By SARAH CHANDLER
We need to talk about talking about not talking about stuff.
We often talk about not talking about stuff. We talk about not talking about stuff like Donald Trump, the Kardashians (are they still a thing?) and the color of a Starbucks cup. These are the things that are being talked about that make rational human beings such as ourselves ask, “What the hell? Why is this even up for discussion?” and fantasize about swearing off the use of the Internet, period. At one point a morning show host stormed off stage because he didn’t want to hear about the Kardashians anymore. But it’s nice to see these items on the news or trending on Facebook because it reminds us that we have better things to talk about than that. Of course in talking about not talking about Donald Trump, in talking about how unworthy of being talked about the Starbucks holiday cup is, we are talking about it.
But that’s okay. We are doing our duty to society by talking about not talking about things that are being talked about. We are doing a massive service to ourselves and our posterity. If we didn’t bemoan the deplorable state of modern society with every other keystroke, how would new atrocities be grandfathered in? In order to keep our lives interesting without really having to do anything, we need to establish a subliminal channel by which every new social offense can be excused and subsumed under the overall horribleness of society, stripped of any quality or character of its own and lumped in with the non-issues we’re all ~not~ talking about.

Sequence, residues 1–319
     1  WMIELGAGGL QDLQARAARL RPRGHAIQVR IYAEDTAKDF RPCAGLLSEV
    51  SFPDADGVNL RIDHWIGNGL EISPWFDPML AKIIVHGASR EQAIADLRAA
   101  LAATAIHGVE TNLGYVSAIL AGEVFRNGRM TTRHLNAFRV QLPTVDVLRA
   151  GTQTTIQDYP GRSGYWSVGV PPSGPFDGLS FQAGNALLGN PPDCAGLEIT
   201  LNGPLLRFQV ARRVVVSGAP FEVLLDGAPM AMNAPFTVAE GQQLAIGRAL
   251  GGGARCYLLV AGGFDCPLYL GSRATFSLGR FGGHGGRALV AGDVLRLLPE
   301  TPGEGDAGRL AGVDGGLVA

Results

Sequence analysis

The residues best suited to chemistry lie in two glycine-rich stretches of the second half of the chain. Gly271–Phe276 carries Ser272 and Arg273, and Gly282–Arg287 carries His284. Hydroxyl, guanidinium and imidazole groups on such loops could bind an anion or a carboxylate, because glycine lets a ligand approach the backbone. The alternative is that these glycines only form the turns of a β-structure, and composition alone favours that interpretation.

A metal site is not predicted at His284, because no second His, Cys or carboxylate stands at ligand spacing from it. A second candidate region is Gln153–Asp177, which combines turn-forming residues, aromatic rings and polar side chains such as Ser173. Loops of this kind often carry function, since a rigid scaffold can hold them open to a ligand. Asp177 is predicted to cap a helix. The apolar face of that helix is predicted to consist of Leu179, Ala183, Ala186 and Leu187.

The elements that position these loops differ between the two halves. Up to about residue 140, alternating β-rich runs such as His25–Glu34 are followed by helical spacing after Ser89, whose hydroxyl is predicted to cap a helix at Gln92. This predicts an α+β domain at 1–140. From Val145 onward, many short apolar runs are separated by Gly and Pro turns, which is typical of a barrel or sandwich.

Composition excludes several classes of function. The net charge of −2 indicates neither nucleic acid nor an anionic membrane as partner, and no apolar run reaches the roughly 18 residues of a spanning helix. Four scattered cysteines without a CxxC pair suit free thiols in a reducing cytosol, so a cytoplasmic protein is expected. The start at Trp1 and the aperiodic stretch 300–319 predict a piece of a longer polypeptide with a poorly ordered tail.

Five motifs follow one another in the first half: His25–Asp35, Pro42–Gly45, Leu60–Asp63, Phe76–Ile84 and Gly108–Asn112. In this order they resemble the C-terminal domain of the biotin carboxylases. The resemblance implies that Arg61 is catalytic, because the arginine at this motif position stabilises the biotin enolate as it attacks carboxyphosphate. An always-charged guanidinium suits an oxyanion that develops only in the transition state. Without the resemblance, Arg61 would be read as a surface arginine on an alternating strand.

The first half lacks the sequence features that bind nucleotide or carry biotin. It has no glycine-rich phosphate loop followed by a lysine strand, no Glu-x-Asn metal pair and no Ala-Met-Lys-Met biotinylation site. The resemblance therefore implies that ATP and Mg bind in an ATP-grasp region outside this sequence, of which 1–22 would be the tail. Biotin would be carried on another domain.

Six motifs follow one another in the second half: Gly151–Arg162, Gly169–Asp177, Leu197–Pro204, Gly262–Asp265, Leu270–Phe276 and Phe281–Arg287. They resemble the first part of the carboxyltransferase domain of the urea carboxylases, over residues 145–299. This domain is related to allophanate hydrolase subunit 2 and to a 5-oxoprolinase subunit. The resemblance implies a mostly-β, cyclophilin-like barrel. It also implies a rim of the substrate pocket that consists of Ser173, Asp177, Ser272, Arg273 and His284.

As long as we stay offended by something, we can keep pretending that the world is a hateful and disgusting place, and that all people are inherently evil and probably harboring the literal spawn of Satan or One Direction. That way we can justify continuing to be offended; we can justify our righteous indignation; we can justify any action we might ever take, as radical and/or ineffectual as it might be.
The important thing is to strike a balance between real offenses and false ones. The false ones serve a very important function, as discussed before: that of not being talked about. And this gives us something to talk about. These false offenses allow us to gesture broadly at the rest of the world, to speak out vaguely against the “truer issues” facing our world. But of course we’re too distracted by the fact that everyone else is too distracted by a presidential candidate whose “IQ is one of the highest” (“sorry losers and haters”) to even be able to speak coherently about any “truer issues.” Which is good, because that means this situation is self-perpetuating. We get so indignant over the color of a cup that of course when it comes to a real issue like pervasive, life-threatening racism we have no other response than the impotent rage we’ve practiced so well on more trivial topics.
But honestly, it’s embarrassing that we even have to talk about this.
Sarah is a sophomore Psychology and Performing & Media Arts major in the College of Arts and Sciences. She likes to exist sometimes, but mostly just recite lines from The Office. Her favorite food is oatmeal raisin cookies dipped in curry sauce, and she can usually be found using the words “film” and “movie” interchangeably, highlighting her favorite words in the dictionary or trying to transcribe feral cat noises into the next groundbreaking Twitter trend. Good Taste Alone appears on Fridays this semester. She can be reached at firstname.lastname@example.org.
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